Consumers 18 to 34 report they are more likely to respond to an e-mail marketing message or direct mail than to one they get through a social network, according to a joint research project by Ball State University’s Center for Media Design and e-mail service provider ExactTarget.
“It is too easy to assume that the media consumers choose for their own news, information and entertainment are by default the best media to use for marketing messages,” Ball State CMD director of insight and research Mike Bloxham said in a statement. “This is a dangerous assumption to make in a time when consumers are becoming increasingly aware of their level of control over their media experiences.”
The study combined observed daily media use by 350 participants studied by CMD and segmented afterwards into seven consumer “personas,” with data from the Channel Preference Surveys done by Indianapolis-based ExactTarget.
The study finds that “Wired” consumers—mostly young males 18-34, employed and educated more than average—subscribe more often than any other group for SMS text messages from marketers (20% of the group). However, they say they want those restricted to urgent customer service messages such as financial alerts or travel updates.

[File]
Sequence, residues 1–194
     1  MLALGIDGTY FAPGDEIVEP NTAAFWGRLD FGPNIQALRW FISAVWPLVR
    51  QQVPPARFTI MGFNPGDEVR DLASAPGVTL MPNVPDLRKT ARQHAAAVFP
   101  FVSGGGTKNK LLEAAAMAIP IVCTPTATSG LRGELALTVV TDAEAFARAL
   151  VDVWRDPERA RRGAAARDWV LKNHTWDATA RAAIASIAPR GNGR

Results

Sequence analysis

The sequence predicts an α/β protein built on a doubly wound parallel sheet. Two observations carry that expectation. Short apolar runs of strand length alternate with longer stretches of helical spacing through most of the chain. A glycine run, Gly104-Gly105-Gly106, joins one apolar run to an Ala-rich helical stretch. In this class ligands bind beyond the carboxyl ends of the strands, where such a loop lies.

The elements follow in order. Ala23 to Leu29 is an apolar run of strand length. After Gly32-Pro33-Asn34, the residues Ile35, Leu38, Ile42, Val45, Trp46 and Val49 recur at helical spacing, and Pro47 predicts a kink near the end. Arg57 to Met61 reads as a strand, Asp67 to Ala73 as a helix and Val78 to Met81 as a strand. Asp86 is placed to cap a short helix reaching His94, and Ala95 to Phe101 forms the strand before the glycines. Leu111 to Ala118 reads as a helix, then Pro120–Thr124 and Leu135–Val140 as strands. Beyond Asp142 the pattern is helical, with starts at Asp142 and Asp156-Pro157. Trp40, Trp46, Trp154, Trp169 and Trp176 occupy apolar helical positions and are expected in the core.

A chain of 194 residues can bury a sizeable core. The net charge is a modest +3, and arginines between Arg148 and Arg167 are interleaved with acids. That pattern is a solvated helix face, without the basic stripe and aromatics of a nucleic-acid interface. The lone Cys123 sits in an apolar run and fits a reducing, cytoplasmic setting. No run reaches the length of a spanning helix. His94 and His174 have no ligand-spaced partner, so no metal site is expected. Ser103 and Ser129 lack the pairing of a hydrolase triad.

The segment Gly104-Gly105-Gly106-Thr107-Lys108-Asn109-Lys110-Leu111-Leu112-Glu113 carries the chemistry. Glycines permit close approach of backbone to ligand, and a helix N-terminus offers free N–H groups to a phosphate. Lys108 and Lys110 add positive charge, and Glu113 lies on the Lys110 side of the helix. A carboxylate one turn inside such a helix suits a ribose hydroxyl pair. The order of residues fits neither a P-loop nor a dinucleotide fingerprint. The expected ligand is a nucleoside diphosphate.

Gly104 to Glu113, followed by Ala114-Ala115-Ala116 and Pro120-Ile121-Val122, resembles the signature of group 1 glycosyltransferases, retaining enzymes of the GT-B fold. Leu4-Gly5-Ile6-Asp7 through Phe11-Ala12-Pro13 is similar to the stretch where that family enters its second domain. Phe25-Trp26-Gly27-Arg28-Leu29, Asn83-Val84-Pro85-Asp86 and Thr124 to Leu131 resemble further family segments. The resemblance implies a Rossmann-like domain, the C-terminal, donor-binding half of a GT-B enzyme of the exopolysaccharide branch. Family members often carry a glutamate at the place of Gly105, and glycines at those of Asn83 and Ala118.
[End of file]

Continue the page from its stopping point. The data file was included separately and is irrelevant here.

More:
For communications that are not time-critical—account updates, opt-in promotions and surveys—they prefer e-mail. Social networks don’t influence them to respond, with one exception: The “wired” bunch will take part in sweepstakes they see promoted on social sites.
The “Young Homemakers” group identified in the study—generally female and 18-34—participate actively in new media channels. Fifty-four percent take part in social networks, and 53% said they use text messaging. But they don’t want marketers reaching them through these channels. The study found that 72% of the group has been influenced to buy something by a direct mail piece, while 53% have bought because of e-mail they received.
Among the “College Student” crowd studied, 64% said they regularly used social networks—twice as many as the other groups. They were also 22% more likely to use instant messaging and 27% more likely to use SMS. But the group also reported high degrees of wariness about protecting those personal channels from spam and misuse by marketers, the report found. Instead, 55% of the group said they had been influenced to buy by a direct mailing, while 50% said they had responded to an e-mail offer or promotion.
Teens 15 to 17 told researchers they were most favorably disposed toward text-based marketing and promotional messages coming through social networks. But the study found that didn’t mean they turned off to other marketing channels. Forty-two percent said they had bought based on an e-mail marketing message—lower than the 68% average for all other groups, but still significant. Even more said they had acted on an offer received via direct mail. By comparison, only 13% made a purchase from a text message, and 12% bought as a result of being marketed to through a social networking site.